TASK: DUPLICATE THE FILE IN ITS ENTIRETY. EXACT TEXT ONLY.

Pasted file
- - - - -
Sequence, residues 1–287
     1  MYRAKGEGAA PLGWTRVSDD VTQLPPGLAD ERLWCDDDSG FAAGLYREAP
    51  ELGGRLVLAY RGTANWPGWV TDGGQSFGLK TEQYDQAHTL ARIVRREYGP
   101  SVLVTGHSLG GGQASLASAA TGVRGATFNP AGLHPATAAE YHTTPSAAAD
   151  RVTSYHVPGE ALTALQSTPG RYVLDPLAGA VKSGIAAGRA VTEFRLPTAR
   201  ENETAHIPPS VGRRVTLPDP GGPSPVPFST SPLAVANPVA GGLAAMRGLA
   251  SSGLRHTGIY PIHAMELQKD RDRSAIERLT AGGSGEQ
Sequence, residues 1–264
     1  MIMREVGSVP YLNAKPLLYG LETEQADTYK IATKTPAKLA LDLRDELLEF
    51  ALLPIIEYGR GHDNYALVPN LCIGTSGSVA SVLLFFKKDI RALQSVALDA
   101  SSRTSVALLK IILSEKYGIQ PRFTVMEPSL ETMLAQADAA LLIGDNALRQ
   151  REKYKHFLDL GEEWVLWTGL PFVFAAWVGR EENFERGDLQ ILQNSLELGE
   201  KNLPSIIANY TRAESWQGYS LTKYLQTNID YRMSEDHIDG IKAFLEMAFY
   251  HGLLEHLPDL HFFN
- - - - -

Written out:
Sequence, residues 1–287
     1  MYRAKGEGAA PLGWTRVSDD VTQLPPGLAD ERLWCDDDSG FAAGLYREAP
    51  ELGGRLVLAY RGTANWPGWV TDGGQSFGLK TEQYDQAHTL ARIVRREYGP
   101  SVLVTGHSLG GGQASLASAA TGVRGATFNP AGLHPATAAE YHTTPSAAAD
   151  RVTSYHVPGE ALTALQSTPG RYVLDPLAGA VKSGIAAGRA VTEFRLPTAR
   201  ENETAHIPPS VGRRVTLPDP GGPSPVPFST SPLAVANPVA GGLAAMRGLA
   251  SSGLRHTGIY PIHAMELQKD RDRSAIERLT AGGSGEQ
Sequence, residues 1–264
     1  MIMREVGSVP YLNAKPLLYG LETEQADTYK IATKTPAKLA LDLRDELLEF
    51  ALLPIIEYGR GHDNYALVPN LCIGTSGSVA SVLLFFKKDI RALQSVALDA
   101  SSRTSVALLK IILSEKYGIQ PRFTVMEPSL ETMLAQADAA LLIGDNALRQ
   151  REKYKHFLDL GEEWVLWTGL PFVFAAWVGR EENFERGDLQ ILQNSLELGE
   201  KNLPSIIANY TRAESWQGYS LTKYLQTNID YRMSEDHIDG IKAFLEMAFY
   251  HGLLEHLPDL HFFN